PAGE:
Multiple exocyclic DNA adducts arise from reactions of lipid and DNA peroxidation products with DNA bases. These endogenous lesions are mutagenic; therefore, monitoring adduct levels may provide a means of assessing genomic exposure to oxidative damage in human populations. The metabolic processing of endogenously formed exocyclic DNA adducts has now been investigated for the purpose of developing non-invasive markers of oxidative damage. The pyrimidopurinone deoxynucleoside adduct, M1dG, was found to undergo enzymatic oxidation to produce 6-oxo-M1dG. The corresponding base adduct, M1G, was subject to sequential oxidation producing first 6-oxo-M1G and then 2,6-dioxo-M1G. The enzymes xanthine oxidoreductase (XOR) and aldehyde oxidase (AO) catalyzed the oxidation of M1dG and M1G. Additionally, the unsubstitued etheno base adduct, 1,N2-etheno-Gua, and the substituted etheno base adduct, heptanone-1,N2-etheno-Gua, were oxidized to produce 2-oxo-etheno-Gua and 2-oxo-hepatanone-etheno-Gua, respectively; XOR catalyzed these oxidations. The deoxynucleoside adducts 1,N2-etheno-dG and 1,N6-etheno-dA were substrates for phosphorolysis to base adducts (1,N2-etheno-Gua and 1,N6-etheno-Ade) by purine nucleoside phosphorolase (PNP).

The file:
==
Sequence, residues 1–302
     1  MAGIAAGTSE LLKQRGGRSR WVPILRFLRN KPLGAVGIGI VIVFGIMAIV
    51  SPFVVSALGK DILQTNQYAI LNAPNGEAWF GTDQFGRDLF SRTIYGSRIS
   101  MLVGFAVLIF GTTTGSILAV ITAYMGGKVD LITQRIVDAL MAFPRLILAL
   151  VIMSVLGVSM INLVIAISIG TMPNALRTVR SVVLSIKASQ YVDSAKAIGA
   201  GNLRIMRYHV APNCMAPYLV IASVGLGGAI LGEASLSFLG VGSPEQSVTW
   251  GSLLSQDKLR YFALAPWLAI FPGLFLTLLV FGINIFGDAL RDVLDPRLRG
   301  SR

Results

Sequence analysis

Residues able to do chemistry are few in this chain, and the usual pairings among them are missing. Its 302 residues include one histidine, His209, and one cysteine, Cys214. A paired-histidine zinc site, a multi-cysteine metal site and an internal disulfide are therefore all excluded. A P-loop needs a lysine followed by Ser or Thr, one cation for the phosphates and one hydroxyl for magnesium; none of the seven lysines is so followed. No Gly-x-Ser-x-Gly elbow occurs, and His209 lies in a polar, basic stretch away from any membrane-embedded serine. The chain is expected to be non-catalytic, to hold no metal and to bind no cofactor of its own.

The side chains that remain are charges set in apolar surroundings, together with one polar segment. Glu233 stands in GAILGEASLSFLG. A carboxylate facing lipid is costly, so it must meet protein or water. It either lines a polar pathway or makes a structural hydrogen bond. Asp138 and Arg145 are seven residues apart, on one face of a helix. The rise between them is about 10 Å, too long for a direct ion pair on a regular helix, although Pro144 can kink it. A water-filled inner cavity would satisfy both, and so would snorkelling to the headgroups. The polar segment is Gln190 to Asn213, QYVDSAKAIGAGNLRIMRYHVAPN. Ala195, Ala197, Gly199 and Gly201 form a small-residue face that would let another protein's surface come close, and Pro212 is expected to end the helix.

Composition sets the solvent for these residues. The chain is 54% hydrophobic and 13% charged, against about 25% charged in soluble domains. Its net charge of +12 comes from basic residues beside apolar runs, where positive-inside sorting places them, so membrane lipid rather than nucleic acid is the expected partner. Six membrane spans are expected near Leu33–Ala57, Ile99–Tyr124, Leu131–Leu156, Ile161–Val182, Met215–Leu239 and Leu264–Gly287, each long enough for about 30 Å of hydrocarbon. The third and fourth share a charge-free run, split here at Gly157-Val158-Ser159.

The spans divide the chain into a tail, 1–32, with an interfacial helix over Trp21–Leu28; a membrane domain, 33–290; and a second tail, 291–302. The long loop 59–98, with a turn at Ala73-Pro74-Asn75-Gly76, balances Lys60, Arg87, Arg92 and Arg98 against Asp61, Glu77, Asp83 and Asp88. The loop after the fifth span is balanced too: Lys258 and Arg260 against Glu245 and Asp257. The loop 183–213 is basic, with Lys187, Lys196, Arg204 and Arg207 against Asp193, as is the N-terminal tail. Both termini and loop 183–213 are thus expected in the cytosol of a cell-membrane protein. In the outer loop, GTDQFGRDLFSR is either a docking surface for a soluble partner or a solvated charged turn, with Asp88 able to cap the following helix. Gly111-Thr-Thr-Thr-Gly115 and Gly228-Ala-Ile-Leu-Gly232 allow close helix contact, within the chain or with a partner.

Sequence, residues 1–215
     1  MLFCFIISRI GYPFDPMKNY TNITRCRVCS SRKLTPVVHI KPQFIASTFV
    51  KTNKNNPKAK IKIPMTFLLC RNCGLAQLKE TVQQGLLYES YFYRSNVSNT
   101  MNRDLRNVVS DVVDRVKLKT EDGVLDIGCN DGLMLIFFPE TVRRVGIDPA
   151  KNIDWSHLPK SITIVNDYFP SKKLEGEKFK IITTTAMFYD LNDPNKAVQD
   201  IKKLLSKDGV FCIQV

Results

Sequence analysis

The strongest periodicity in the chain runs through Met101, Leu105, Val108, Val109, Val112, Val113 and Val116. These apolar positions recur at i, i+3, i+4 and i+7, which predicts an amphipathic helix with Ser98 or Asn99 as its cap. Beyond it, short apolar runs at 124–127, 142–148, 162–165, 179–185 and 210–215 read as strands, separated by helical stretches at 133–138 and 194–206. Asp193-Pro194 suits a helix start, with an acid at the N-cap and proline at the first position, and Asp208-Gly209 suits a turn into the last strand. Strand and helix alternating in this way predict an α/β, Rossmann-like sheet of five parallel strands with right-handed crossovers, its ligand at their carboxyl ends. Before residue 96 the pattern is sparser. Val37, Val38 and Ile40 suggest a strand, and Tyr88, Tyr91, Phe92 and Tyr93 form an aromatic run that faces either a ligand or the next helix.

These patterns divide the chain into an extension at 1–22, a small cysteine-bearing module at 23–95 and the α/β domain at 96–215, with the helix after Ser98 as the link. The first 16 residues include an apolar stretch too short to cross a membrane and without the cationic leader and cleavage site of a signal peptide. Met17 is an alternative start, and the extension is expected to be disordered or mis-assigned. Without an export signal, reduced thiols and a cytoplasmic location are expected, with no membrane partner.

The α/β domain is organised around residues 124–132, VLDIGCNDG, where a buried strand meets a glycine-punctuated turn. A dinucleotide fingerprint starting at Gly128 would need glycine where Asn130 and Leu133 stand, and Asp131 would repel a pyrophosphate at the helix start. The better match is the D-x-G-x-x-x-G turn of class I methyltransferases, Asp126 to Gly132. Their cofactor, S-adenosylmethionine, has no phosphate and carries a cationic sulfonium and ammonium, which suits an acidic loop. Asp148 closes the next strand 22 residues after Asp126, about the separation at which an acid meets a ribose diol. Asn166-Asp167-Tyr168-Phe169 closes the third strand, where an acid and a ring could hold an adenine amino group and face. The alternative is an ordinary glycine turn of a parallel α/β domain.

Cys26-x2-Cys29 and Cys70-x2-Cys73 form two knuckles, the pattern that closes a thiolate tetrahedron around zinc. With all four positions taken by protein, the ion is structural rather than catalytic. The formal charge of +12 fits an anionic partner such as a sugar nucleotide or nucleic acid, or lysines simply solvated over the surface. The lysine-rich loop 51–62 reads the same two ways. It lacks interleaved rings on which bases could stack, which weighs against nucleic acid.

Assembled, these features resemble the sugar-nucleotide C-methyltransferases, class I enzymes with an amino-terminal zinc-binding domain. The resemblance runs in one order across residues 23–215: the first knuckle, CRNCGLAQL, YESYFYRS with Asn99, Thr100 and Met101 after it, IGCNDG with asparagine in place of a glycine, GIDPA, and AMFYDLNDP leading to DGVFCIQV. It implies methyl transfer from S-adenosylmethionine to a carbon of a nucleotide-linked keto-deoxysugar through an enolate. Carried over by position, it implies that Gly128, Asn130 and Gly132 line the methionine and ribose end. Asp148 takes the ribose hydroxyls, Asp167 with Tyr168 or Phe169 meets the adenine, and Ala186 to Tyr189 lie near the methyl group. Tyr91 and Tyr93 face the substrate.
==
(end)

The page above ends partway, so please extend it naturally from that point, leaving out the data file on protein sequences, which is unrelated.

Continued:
A body of evidence now exists that demonstrates exocyclic DNA adducts are subject to enzymatic oxidation and phosphorolysis reactions (sometimes in tandem). Exocyclic base adducts, with planar and unsaturated exocyclic rings, are the best substrates for enzymatic oxidation. Base adducts containing substitutions such as deoxyribose on the imidazole ring of M1dG and a heptanone chain on the etheno ring of heptanone-1,N2-etheno-Gua do not prohibit oxidative metabolism. The enzymes of purine catabolism (XOR, AO, and PNP) are also involved in the metabolic processing of exocyclic adducts. Based on in vivo metabolism studies at near-physiological concentrations of exogenously administered M1dG, the metabolic processing of exocyclic adducts is likely to occur at their physiological rate of production in animals and humans. In total, these results demonstrate that exocyclic adducts are subject to metabolic processing (oxidation and phosphorolysis). Furthermore, metabolites of endogenously produced DNA adducts are likely to be produced in vivo, and may provide a new class of biomarkers to assess exposure to endogenous sources DNA damage.